Hypertension Categories N = 705 Percent of Total
Gestational hypertension 318 45.1%
Preeclampsia; unspecified preeclampsia 83 11.8%
Preeclampsia with severe features 161 22.8%
Preexisting hypertension 92 13.1%
Preexisting hypertension with preeclampsia 45 6.4%
Eclampsia 4 0.6%
Unspecified maternal hypertension 65 9.2%

Prior to 2019, a postpartum visit was typically scheduled for 6 weeks post birth unless the patient contacted their provider with concerning symptoms. The parameters for home BP monitoring, medication management, and postpartum follow-up visits varied between our obstetric providers. Unless a home BP monitor was obtained during pregnancy or prescribed on discharge from the hospital, most patients did not independently monitor their BP post discharge. Discharge education included signs of preeclampsia and hypertension; however, this information was generalized in a written format rather than patient-specific.


The initial step in our hospital change process is to bring a proposed clinical care program to the interdisciplinary obstetrical collaborative practice council. The committee approved the home BP monitoring program and permission was granted to move forward. A home BP monitor was approved by the hospital's value analysis team and purchased by the mother–baby unit. The chosen home BP monitor was easy to understand and operate by the mother–baby nurses. The health system has absorbed the cost of the equipment to date.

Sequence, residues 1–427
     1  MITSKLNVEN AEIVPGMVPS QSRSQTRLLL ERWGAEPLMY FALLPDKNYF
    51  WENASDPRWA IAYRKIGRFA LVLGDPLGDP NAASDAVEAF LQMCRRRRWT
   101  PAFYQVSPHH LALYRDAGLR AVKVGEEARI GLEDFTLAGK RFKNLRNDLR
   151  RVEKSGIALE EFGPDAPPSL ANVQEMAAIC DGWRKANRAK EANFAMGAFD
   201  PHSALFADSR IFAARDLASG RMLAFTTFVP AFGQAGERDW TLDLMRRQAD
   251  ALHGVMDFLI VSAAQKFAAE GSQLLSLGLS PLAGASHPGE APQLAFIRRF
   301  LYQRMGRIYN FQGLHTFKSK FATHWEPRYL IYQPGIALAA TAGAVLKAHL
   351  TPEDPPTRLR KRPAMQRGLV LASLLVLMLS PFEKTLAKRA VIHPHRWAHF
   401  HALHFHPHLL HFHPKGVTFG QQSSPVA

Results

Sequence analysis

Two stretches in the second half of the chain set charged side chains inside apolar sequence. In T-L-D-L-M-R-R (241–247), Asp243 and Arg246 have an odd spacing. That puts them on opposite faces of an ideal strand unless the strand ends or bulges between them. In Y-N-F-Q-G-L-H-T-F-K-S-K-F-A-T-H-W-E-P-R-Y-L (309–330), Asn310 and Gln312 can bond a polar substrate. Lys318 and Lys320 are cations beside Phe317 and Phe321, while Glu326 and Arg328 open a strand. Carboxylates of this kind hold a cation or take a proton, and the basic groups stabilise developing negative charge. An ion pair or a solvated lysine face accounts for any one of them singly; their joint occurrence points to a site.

The next critical step was to standardize the BP parameters for follow-up. A home guidance grid was created with space to record a morning and evening BP reading with action steps based on the values (Figure 1). Blood pressure ranges were categorized as low, normal, mild, and severe. The proposed parameters were approved by the obstetric quality assurance committee. The complete program was brought back to the obstetrical collaborative practice council for their final approval and inclusion in the department's hypertensive protocol.